'It may be of interest to add that since the law of ancestral heredity allows for the variability of each individual ancestor from the ancestral type, giving that variability its share in the heritage of the offspring, it is inconsistent with Weismann's theory of the germ-plasma. It does not, of course, answer one way or the other the question as to the inheritance of acquired characters.
'To sum up, then, it seems to the present writer that Galton's law of ancestral heredity leads to, what has not hitherto existed, a rounded and comprehensive theory of heredity. It describes with surprising closeness all facts so far quantitatively determined, and opens up a wide range of conclusions which await testing by fresh data. Should those data be in agreement with its predictions, then the law of ancestral heredity will in the future play as large a part in the theory of evolution as the law of gravitation has played in planetary theory. It is the quantitative basis on which Darwinism, the evolution of species by natural selection combined with heredity, will then be placed; and at one stroke it will clear away a veritable jungle of semi-metaphysical speculations and hypotheses, and this for the simple reason that it is based upon quantitative observations and not on verbal subtleties. It will be difficult, perhaps, to make people realize that there is a science of heredity, simple and consistent, in existence; yet even at the present time it is the number of observers and experimenters, rather than the science, which needs to be strengthened.'
The law is illustrated in the accompanying figure given by Galton in Nature, Jan. 27, 1898, and taken by him from the Horseman (Chicago), Dec. 28, 1897; it was devised by A. J. Meston to illustrate Galton's law. Galton's article is quoted at some length.
'It should be borne in mind that "heritage" has a more limited meaning than "nature," or the sum of the inborn qualities. Heritage is confined to that which is inherited, while nature also includes those individual variations that are due to other causes than heredity, and which act before birth. Now individual variation in a race that is stable must have a destructive as well as a constructive effect. Consequently its effects balance one another in average results, and disappear from a law which deals only with these.' Cf. VARIATION (statistical treatment of).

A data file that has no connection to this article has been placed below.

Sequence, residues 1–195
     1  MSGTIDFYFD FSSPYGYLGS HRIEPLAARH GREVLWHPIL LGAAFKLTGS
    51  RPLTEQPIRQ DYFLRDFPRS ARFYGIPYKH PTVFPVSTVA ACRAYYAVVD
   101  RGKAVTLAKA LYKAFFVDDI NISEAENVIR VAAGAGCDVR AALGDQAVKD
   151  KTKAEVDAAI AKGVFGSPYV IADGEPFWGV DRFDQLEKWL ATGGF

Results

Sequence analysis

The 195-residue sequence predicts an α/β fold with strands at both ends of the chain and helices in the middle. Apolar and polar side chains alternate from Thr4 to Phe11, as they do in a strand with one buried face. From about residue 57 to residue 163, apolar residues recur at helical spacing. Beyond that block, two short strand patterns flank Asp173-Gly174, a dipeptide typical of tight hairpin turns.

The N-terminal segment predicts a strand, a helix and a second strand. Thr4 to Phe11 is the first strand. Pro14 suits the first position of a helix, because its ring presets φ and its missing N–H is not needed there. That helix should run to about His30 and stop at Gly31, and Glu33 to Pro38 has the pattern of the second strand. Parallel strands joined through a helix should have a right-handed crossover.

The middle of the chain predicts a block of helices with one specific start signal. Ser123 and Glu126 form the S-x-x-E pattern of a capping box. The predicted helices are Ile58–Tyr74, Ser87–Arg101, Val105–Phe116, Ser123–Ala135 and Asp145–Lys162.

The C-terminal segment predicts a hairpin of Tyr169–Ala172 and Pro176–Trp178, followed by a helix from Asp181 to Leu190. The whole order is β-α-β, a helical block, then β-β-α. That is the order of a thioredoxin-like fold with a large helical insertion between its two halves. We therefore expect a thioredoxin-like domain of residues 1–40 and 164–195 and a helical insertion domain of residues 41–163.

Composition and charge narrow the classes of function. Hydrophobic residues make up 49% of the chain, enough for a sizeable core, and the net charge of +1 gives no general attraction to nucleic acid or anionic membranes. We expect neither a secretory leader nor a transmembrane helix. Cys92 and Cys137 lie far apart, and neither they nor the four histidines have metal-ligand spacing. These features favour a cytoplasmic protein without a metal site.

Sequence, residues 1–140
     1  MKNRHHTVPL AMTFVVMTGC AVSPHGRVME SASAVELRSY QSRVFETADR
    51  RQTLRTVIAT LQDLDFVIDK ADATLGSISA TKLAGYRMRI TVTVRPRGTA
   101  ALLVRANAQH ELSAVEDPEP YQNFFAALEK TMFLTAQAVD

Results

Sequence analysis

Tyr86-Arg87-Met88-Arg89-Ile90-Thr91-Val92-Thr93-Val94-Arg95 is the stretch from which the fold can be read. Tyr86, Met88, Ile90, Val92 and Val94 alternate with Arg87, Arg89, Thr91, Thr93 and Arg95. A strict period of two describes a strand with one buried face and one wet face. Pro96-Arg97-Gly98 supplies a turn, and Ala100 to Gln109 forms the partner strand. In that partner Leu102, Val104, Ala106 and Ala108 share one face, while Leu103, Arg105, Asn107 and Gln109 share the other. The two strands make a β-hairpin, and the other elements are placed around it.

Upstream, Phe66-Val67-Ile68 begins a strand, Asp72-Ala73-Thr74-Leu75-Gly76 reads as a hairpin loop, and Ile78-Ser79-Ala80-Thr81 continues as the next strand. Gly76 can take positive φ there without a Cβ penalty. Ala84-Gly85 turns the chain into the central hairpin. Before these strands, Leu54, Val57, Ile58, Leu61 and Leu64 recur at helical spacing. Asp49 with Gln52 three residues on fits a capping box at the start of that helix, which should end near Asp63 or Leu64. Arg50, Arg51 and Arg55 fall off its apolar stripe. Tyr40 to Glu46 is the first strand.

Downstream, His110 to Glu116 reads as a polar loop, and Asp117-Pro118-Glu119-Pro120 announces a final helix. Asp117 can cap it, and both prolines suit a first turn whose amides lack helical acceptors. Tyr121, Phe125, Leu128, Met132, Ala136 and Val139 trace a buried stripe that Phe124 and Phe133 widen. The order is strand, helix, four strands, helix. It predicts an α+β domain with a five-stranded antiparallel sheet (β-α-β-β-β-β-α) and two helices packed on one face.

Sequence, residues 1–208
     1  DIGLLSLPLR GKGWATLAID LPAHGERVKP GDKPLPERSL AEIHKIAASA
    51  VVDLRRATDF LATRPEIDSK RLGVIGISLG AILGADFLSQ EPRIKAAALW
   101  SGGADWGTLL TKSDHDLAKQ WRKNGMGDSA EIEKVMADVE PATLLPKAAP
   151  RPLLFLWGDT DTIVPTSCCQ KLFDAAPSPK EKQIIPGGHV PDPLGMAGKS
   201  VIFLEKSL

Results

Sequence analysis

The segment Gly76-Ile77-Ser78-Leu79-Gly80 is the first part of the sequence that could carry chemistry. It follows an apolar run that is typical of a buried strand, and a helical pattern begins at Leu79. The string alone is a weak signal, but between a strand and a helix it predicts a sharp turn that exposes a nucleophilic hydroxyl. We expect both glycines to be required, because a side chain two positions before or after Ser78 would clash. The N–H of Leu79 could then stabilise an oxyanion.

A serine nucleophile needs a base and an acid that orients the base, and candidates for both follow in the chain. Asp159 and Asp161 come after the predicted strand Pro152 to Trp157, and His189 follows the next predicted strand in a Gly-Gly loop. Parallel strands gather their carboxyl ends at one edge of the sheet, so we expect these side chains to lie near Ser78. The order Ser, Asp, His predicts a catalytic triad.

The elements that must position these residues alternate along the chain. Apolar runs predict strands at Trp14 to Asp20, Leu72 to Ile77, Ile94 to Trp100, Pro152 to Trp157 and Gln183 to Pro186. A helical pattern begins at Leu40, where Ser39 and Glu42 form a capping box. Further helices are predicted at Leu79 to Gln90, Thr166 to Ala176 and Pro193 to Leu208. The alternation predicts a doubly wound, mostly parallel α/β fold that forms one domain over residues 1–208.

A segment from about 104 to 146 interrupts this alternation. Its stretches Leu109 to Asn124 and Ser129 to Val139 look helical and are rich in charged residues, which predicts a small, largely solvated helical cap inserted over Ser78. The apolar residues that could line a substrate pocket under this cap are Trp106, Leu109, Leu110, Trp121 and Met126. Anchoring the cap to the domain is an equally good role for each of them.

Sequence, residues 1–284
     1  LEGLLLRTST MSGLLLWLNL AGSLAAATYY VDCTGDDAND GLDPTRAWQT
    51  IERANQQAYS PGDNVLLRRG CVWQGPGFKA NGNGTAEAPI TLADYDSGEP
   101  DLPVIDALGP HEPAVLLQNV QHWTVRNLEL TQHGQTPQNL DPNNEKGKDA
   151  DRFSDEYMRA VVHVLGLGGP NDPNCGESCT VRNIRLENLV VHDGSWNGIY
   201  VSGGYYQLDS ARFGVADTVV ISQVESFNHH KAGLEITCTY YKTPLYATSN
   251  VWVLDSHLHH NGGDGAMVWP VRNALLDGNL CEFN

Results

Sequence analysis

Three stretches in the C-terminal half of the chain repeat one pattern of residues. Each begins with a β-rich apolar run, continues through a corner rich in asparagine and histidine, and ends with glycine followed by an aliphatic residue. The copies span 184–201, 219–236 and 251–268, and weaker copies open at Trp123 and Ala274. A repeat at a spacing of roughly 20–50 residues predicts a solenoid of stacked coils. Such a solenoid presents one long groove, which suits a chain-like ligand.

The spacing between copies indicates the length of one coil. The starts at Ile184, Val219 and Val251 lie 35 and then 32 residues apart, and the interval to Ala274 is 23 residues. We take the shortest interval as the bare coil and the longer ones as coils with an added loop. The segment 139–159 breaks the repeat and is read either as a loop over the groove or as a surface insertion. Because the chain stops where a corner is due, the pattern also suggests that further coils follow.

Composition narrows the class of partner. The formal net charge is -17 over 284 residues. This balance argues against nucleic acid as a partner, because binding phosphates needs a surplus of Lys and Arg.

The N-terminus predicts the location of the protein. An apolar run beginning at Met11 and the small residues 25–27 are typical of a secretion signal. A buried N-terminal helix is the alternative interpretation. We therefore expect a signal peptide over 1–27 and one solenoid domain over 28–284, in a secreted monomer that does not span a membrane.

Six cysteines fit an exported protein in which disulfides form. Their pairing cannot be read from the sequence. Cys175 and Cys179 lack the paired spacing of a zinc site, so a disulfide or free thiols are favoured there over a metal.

'The area of the square diagram represents the total heritage of any particular form or faculty that is bequeathed to any particular individual. It is divided into subsidiary squares bearing distinctive numbers, which severally refer to different ancestors. The size of these subsidiary squares shows the average proportion of the total heritage derived from the corresponding ancestors . . . The subject of the pedigree is numbered 1. Thenceforward, whatever be the distinctive number of an ancestor, which we will call n, the number of its sire is 2 n, and that of its dam is 2 n + 1. All male numbers in the pedigree are therefore even, and all female numbers are odd. To take an example: 2 is the sire of 1, and 3 is the dam of 1; 6 is the sire of 3, and 7 is the dam of 3. Or working backwards, 14 is a male who is mated to 15; their offspring is 7, and a female, who is mated to 6; their offspring is 3, a female, who is mated to 2; and their offspring is 1, the subject. . . . The numbered squares could be continued indefinitely. In this small diagram they cease with the fourth generation, which contributes 1/16 part to the total heritage, therefore the whole of the more distant ancestry, comprised in the blank column, contribute 1/16 also.'